• Robert L. Echols (b. 1941), United States senior federal judge (1998-2005)
  • Edward Echols (1854-1915), American political figure from the Commonwealth of Virginia. Echols held office as the Lieutenant Governor of Virginia from 1898-1902
  • Sheila Ann Echols (b. 1964), retired American track and field athlete who won the gold medal in the 4 x 100 metres relay at the 1988 Summer Olympics
  • Johnny Echols (b. 1947), American singer/songwriter and guitarist who has played in bands with performers such as Little Richard, Billy Preston and Jimi Hendrix
  • Joseph Hubbard Echols (1816-1885), American politician, Member of Georgia State Senate, 1861; Representative from Georgia in the Confederate Congress, 1864-65 [2]CITATION[CLOSE]
    The Political Graveyard: Alphabetical Name Index. (Retrieved 2015, October 28) . Retrieved from http://politicalgraveyard.com/alpha/index.html
  • John Echols (b. 1971), American Republican politician, Delegate to Republican National Convention from Arizona, 2004, 2008 [2]CITATION[CLOSE]
    The Political Graveyard: Alphabetical Name Index. (Retrieved 2015, October 28) . Retrieved from http://politicalgraveyard.com/alpha/index.html
  • John Echols (1823-1896), American politician, Delegate to Virginia secession convention, 1861 [2]CITATION[CLOSE]
    The Political Graveyard: Alphabetical Name Index. (Retrieved 2015, October 28) . Retrieved from http://politicalgraveyard.com/alpha/index.html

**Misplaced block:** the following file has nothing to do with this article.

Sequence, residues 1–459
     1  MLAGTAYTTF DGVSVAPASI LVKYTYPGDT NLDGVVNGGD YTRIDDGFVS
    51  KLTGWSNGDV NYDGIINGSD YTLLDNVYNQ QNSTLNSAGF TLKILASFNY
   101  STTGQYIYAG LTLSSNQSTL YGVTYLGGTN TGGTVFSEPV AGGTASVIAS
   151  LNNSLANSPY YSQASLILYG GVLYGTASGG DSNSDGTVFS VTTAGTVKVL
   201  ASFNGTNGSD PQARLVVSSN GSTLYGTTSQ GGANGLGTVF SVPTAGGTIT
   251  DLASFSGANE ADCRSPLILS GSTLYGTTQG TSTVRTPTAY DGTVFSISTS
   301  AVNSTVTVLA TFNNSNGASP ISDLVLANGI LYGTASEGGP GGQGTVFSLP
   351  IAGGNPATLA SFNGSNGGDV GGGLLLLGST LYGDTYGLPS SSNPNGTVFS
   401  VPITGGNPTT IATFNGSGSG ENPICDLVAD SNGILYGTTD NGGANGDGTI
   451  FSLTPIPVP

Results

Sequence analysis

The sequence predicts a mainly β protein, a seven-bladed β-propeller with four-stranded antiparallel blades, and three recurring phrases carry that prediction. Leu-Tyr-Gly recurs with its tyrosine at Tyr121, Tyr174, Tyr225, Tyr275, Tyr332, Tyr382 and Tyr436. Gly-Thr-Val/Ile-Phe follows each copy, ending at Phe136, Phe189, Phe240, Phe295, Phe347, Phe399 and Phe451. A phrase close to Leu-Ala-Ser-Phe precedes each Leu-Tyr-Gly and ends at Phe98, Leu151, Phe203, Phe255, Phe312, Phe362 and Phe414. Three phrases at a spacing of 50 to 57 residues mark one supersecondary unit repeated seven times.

• Edward Echols, American politician, Member of Virginia State Senate 9th District, 1906-12 [2]CITATION[CLOSE]
    The Political Graveyard: Alphabetical Name Index. (Retrieved 2015, October 28) . Retrieved from http://politicalgraveyard.com/alpha/index.html
  • E. W. Echols, American Republican politician, Delegate to Republican National Convention from Pennsylvania, 1884 [2]CITATION[CLOSE]
    The Political Graveyard: Alphabetical Name Index. (Retrieved 2015, October 28) . Retrieved from http://politicalgraveyard.com/alpha/index.html
  • ... (Another 7 notables are available in all our PDF Extended History products and printed products wherever possible.)

Suggested Readings for the name Echols


  • Echols Notes by Rebecca Echols Terry.
  • The Echols of Detroit: Genealogy by James Echols.

The Echols Motto


The motto was originally a war cry or slogan. Mottoes first began to be shown with arms in the 14th and 15th centuries, but were not in general use until the 17th century. Thus the oldest coats of arms generally do not include a motto. Mottoes seldom form part of the grant of arms: Under most heraldic authorities, a motto is an optional component of the coat of arms, and can be added to or changed at will; many families have chosen not to display a motto.

Motto: Se defendendo
Motto Translation: In his own defence.


Echols Family Crest Products



See Also



Citations


  1. ^ Generals of World War II. (Retrieved 2012, January 24) Oliver Echols. Retrieved from http://generals.dk/general/Echols/Oliver_Patton/USA.html
  2. ^ The Political Graveyard: Alphabetical Name Index. (Retrieved 2015, October 28) . Retrieved from http://politicalgraveyard.com/alpha/index.html

Sign Up